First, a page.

My ooilab Python Toolbox

2 years of temperature and salinity data from 30m at Irminger Sea Flanking Mooring B showing the annual cycle.

Data portals are great for navigating and finding useful datasets. But sometimes, the easiest way to access data is with a bit of code, especially when you want to make your own graphs or do a bit of custom processing (like the above example).

For about 3 years, I’ve been using Python notebooks to grab data from the OOI, and every time I start a new notebook, I find myself copying the same 90 lines of code that I use to request and download data from the OOI. But now, I’ve finally gotten around to making my own python library so my new notebooks will be much shorter. It turns out, it’s not that difficult to make a library, but for a year I was confused by eggs and wheels (it’s long story), before Tom Connolly at Cal State showed me a much simpler approach.

And so now I’m pleased to present ooilab, my (very simple, and probably not that robust) library to request and download data from the OOI Data Portal (aka OOI Net).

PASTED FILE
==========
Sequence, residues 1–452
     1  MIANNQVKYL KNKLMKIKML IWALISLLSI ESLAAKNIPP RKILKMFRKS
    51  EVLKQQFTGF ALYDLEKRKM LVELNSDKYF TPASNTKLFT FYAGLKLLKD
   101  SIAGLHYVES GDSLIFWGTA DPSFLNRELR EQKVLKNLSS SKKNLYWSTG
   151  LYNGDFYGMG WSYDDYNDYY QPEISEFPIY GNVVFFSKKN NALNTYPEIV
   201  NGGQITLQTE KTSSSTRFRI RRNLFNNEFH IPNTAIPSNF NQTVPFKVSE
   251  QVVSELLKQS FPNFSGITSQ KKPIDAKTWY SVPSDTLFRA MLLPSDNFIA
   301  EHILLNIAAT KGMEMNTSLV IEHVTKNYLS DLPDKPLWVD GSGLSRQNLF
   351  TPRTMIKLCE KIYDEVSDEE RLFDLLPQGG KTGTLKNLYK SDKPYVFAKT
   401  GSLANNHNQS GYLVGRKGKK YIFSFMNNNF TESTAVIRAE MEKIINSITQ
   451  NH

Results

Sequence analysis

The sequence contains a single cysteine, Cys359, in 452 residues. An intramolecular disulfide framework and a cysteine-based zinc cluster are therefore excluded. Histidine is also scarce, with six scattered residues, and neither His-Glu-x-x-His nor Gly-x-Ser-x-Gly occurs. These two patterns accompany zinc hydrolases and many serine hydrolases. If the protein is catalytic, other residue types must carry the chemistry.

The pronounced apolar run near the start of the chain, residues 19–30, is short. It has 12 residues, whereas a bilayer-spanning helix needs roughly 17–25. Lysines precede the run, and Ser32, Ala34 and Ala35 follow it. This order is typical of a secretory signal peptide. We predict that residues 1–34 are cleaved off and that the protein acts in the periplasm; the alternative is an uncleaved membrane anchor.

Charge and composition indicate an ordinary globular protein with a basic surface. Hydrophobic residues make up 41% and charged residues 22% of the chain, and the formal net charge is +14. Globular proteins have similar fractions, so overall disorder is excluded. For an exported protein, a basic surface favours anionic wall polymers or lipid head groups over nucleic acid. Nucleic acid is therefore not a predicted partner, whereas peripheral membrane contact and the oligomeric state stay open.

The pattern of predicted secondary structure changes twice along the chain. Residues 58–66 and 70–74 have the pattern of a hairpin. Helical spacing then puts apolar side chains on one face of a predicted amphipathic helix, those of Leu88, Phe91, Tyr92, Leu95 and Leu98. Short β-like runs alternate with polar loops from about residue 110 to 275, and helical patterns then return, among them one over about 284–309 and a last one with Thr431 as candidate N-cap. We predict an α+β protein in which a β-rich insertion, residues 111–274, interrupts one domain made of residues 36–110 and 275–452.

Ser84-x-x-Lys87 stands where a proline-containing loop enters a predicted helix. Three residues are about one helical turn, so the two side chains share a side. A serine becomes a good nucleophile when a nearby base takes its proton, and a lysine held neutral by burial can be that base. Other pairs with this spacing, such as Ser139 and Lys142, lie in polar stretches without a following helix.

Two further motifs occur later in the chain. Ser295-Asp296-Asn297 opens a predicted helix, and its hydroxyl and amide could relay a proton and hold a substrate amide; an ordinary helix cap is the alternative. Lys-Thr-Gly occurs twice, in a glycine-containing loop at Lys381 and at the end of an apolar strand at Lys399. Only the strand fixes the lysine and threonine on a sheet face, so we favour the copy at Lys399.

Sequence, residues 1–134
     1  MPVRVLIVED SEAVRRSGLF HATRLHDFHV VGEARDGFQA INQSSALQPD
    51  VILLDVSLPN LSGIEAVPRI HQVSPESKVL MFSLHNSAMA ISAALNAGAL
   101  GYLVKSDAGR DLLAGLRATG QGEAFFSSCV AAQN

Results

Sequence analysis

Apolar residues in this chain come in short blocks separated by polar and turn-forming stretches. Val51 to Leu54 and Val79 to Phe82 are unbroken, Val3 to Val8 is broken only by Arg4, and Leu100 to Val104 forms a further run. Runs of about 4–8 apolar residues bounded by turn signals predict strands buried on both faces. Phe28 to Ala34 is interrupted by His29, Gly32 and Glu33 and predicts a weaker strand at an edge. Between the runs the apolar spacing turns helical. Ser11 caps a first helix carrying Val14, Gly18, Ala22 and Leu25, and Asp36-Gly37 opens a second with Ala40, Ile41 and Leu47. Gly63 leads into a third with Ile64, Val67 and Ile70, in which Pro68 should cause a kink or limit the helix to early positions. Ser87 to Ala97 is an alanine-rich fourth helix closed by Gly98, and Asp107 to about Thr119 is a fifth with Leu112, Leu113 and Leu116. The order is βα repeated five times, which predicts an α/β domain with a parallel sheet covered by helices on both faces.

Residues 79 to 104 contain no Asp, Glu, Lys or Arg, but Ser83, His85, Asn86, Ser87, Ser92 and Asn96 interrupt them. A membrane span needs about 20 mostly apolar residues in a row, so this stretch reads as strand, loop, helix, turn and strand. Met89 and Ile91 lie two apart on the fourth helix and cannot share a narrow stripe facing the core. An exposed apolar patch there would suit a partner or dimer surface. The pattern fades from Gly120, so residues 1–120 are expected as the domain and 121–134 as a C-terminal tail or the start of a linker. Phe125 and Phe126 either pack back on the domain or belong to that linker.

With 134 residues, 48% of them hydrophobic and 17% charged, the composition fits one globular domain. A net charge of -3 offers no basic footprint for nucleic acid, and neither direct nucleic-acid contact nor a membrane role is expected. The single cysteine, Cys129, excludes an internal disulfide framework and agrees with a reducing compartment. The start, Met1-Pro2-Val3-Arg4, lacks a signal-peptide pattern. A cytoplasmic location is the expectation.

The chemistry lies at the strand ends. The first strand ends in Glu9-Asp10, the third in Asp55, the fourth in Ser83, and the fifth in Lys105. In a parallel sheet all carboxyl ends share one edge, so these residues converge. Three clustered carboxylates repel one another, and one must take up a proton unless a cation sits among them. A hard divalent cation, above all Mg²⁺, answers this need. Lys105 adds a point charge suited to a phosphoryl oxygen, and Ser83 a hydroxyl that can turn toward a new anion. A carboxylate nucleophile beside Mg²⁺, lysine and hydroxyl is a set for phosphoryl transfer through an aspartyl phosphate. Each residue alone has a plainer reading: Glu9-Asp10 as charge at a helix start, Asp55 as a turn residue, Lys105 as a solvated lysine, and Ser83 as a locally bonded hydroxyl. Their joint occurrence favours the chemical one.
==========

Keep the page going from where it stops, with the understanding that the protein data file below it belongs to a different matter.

You can find more information about the library on its GitHub page.  And you can check out the example below for a quick introduction on how to use it.

I should note that the OOI recently released the OOI Data Explorer, a wonderful new tool for previewing and accessing OOI data. (The demo webinar is a great intro.)

The new site includes merged and averaged datasets that are also available via Erddap, which makes it far easier to access data than ever before. However, several moorings are not yet available on the new portal, and under the hood the new system still uses the old data system to generate its data products. So if you want the highest-resolution data, or if you need to splice together telemetered and recovered streams using your own method, grabbing the data yourself via a bit of code from OOINet might still be the better option for the foreseeable future.

And with this new library, that will hopefully be a bit easier.